Barnes combines art, arboretum Moving the collection would alter a fundamental part of its founder's vision.

Posted: December 15, 2003

In the legal battle over the future of the Barnes Foundation and its renowned art collection, this critical issue has been overlooked: the fate of the arboretum and its horticulture program.

Dr. Albert Barnes originally considered creating his art gallery in Center City, but he changed his plans when land owned by Capt. Joseph Lapsley Wilson - the beginnings of an arboretum - became available in Merion. Barnes bought the property in 1922, preserved the trees that Wilson had begun planting in the 1880s, and eventually expanded the collection to more than 3,000 species and varieties of woody plants.

The interrelationship of art and nature was central to Barnes' philosophy of beauty and creativity, and this is reflected in the three-year educational programs sponsored by his foundation in art appreciation and horticulture. If the art gallery moves to the Benjamin Franklin Parkway, we are concerned that the link between the art and horticulture programs will be severed.

First-year horticulture students spend 25 percent of their class time in the art gallery because the principles underlying artistic compositions apply equally to landscape design. Conversely, art students use arboretum resources to further their understanding of artistic principles. It is a remarkable experience to sit in a room surrounded by masterpieces by Cezanne, Renoir, Van Gogh, Picasso and Matisse, then to move outside to explore the expression of beauty and diversity in the natural world.

Gallery visitors, too, benefit from the arboretum. Being confronted with visual overload is a hallmark of the Barnes experience. As is necessary with any blockbuster exhibition, visitors can refresh themselves and catch their breath by looking - or stepping - outside into the arboretum.

This movement into and out of the gallery was central to the creation of the monumental mural in the main gallery. Matisse planned the mural with the consideration of the view outdoors. If the gallery moves, how can this most site-specific masterpiece be recreated?

We feel the arboretum is understaffed, underfunded and under-appreciated. If the gallery moves, the arboretum risks becoming orphaned and forgotten, along with Ker-Feal, the country estate that Barnes bought in Chester County in 1941. In public discussions of the estimated $150 million needed to build a new museum for Barnes' art, nothing was said about the financial future of the arboretum or Ker-Feal.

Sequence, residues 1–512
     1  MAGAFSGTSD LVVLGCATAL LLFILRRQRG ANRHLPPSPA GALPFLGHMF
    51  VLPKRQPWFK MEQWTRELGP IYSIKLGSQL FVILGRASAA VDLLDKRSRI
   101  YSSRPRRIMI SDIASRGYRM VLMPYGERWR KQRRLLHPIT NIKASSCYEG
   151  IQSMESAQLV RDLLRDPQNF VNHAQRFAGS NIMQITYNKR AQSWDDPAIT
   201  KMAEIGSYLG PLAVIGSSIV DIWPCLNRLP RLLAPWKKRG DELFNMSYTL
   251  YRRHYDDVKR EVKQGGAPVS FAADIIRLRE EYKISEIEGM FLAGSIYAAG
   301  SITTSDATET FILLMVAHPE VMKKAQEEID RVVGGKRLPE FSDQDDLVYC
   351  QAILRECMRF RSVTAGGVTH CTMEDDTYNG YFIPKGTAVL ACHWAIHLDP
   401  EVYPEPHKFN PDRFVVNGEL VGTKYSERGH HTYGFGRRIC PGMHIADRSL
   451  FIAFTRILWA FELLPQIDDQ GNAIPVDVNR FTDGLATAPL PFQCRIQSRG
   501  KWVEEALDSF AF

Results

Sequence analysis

There is a longstanding truth about funding cultural institutions: It is much more exciting and glamorous to build a building or fund a special exhibition than to pay for mundane expenses such as light bulbs or staff salaries. If the Barnes gallery moves, will funding problems in 10 or 20 years require selling the arboretum or Ker-Feal to raise cash?

Thinking creatively, it may be possible to work within the spirit of Barnes' legacy rather than the letter of the trust agreement. Here are some suggestions:

Increase the entry fee and permit more visitors to the gallery and arboretum each week.

Reach an agreement with St. Joseph's University to buy some of the land at Episcopal Academy, which St. Joe's is buying. Construct a multi-use building and parking lot.

Encourage the Pew, Annenberg and Lenfest foundations to raise $150 million as proposed, but use the money for local cultural growth and renewal. Give $50 million to the Barnes and $100 million to Philadelphia-area cultural institutions so they can thrive.

Work with the City Avenue Special Services District to encourage the use of public transportation to the Barnes.

Build an access road to the Barnes that would divert traffic from Latches Lane.

We need to keep our focus on the Philadelphia region, not just the city. The Barnes Foundation, after all, is only 15 minutes from Center City, and foreign visitors have been finding their way there for decades, some making it their sole reason for visiting the United States.

The Barnes Foundation, in its entirety, is an institution worth preserving and nourishing. Injudicious pruning will diminish the integrity of the whole, violating the integrity of its creator and possibly leading to the destruction of its other parts.

Sandy Bressler of Philadelphia and Leslie Simon of Merion Station are first-year students in the Barnes Horticulture Program.

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